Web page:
Tuesday, November 13, 2007

Carnival of HR


It’s carnival time in HR-land and those fools – er, kindred souls in the Village have entrusted me with hosting it this time. Cue up the Calliope and summon the clowns.


And speaking of Clowns…. I’ve been following the continuing saga of Mr. Alex Rodriguez, and his now infamous demand of a $350 Million Dollar offer just to begin negotiations with the Yankees…. Who does he think he is, Robert Nardelli? How’s that for chutzpah??


Our friend over at Ask A Manager has some good advice that could have saved Home Depot and the Yankees a lot of trouble by managing the performance of people like these two “stars” upfront and properly.


And why is it that sports (and other) stars always put management in difficult positions by being the spoiled people that they are? Kris at the Human Capitalist has some pretty good insights on managing such stars without killing your business.


Maybe we could be better at influencing the behaviors and performance of our stars by having a results-tied compensation plan. Ann from Compensation Force may have the answers in her brilliant post on Incentive Principles.


It’s a pretty good bet that if the Yankees had a decent performance assessment process and a candid Talent Assessment plan they might have headed off the blow-up with A-Rod. Gautam Ghosh came up with a thought provoker about Assessing Potential – how it can be done well, and how we all tend to stumble through it usually.


Peggy at Career Encouragement raised a seemingly unrelated topic, till you look below the surface. She refers to a post on how employees feel about being referred to EAP. Now I’m not making any accusations here, but A-Rod demands $350 Million at the same time Peggy brings up an EAP article…. Coincidence! You decide!


Lisa at HR Thoughts raises a real value perception question that relates nicely as well. So you’ve got a Hero on the team and you reward him for his clinch hit in the bottom of the 9th to win the game – but do you ever hold him accountable for striking out in the first 8 innings and getting the team into a clinch in the first place??


Maybe the problem isn’t all with A-Rod alone. Maybe a better leader could have inspired and engaged him to play well for less cash – at least that’s a theory that fits Anna’s post from the Engaging Brand. Besides – I cannot deal with the Image of Steinbrenner reading anybody’s palm – yech!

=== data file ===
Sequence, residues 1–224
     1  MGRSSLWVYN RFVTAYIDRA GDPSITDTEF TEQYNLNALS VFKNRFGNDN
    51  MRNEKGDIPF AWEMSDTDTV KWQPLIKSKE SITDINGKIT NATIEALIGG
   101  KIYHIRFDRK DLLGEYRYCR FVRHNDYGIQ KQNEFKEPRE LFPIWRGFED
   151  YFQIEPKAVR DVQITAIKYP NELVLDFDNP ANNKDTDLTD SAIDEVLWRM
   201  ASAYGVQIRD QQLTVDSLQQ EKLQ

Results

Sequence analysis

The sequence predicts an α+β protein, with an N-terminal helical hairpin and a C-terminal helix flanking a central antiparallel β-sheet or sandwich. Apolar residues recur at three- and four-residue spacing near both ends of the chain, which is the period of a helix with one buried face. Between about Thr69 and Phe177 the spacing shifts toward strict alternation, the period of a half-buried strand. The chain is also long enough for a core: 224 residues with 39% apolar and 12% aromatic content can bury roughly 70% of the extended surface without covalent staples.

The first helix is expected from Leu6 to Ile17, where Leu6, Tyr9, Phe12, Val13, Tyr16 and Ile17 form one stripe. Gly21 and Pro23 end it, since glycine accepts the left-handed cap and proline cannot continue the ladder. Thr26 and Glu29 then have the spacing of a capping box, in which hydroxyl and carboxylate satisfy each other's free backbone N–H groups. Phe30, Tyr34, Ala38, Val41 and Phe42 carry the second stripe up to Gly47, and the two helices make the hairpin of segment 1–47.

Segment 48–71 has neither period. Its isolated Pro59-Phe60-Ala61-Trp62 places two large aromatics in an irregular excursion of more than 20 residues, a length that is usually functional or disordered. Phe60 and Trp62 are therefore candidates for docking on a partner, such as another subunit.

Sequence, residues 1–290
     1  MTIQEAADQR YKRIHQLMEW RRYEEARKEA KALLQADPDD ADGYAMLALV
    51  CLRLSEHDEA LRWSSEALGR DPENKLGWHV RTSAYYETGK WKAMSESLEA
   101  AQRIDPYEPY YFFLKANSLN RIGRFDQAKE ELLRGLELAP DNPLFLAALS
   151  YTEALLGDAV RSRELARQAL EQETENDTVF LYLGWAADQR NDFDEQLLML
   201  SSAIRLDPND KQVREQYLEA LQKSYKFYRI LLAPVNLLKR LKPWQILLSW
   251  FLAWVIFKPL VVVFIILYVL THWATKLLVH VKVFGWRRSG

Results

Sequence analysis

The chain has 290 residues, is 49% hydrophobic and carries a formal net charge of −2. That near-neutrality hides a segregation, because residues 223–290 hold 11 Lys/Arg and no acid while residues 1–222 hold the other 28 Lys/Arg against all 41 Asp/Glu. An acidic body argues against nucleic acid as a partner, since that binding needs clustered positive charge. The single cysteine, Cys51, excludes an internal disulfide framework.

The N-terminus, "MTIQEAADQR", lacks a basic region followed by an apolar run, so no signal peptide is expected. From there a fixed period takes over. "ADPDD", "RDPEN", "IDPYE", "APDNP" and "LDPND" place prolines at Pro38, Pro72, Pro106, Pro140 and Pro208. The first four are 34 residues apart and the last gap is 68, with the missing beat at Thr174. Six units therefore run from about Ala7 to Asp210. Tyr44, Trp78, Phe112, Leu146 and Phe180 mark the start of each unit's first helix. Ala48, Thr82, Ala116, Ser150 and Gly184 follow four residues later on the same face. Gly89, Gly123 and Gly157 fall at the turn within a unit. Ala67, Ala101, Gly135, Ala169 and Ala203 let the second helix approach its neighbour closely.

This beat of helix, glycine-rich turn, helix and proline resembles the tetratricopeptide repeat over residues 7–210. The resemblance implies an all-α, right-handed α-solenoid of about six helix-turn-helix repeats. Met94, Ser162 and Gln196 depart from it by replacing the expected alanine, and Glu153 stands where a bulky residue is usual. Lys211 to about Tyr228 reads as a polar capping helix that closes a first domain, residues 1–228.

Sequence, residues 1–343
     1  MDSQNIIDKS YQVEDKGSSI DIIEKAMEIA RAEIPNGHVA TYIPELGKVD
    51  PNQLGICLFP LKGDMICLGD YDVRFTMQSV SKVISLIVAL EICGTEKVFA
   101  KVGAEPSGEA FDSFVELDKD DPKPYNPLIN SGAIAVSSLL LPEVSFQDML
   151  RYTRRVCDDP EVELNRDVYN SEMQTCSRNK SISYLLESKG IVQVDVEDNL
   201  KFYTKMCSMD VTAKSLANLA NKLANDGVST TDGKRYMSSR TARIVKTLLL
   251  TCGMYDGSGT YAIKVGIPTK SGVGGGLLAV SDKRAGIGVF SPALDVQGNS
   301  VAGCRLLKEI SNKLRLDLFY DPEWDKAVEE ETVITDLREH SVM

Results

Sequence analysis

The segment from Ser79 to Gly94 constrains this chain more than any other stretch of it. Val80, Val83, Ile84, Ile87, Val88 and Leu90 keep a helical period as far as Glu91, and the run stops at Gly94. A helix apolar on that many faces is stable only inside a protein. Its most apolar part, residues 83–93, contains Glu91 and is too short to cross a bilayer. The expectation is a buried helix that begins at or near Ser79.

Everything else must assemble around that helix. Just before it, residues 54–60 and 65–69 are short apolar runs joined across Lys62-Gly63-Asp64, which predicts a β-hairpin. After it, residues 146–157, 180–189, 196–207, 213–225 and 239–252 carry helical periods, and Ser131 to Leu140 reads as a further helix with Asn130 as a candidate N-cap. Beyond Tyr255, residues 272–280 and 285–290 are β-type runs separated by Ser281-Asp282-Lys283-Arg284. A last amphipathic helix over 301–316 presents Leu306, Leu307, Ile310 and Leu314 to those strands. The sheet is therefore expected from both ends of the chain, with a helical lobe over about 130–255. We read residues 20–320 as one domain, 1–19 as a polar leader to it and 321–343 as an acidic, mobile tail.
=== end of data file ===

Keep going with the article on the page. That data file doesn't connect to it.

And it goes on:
Wally over at Three Star Leadership has a great viewpoint on selecting and developing leaders that touches our theme here as well. Maybe George Steinbrenner should have read this last year??


This topic really had me steamed and I was starting to rail against these smug little sports brats. Wayne Turmel (the host of the Cranky Middle Manager show and President of Greatwebmeetings.com.) pointed out that maybe this generation of spoiled brats isn’t really so bad after all – maybe the kids are alright after all.


And finally (ironic, since she was the first to my door with her post – well done!) Carmen over at Race in the Workplace reminds us that as we move on post this drama and trauma and begin our search for a new bat-wielding hero to propel the Yankees back to the playoffs, we have to acknowledge that talent comes in all form, sizes and colors. We do ourselves and our team a grave injustice when we claim not to notice the color of our teammates.


Phew! – an entire carnival all tied (however loosely) to a topic that I don’t even really care about! Perhaps I have uncovered a hidden talent in myself – maybe I’m a free-style Rapper trapped in an HR geek’s body? NAH!!!

1 comment:

Carmen said...

Thanks for including my post on why we shouldn't be colorblind! I'm glad you found it valuable.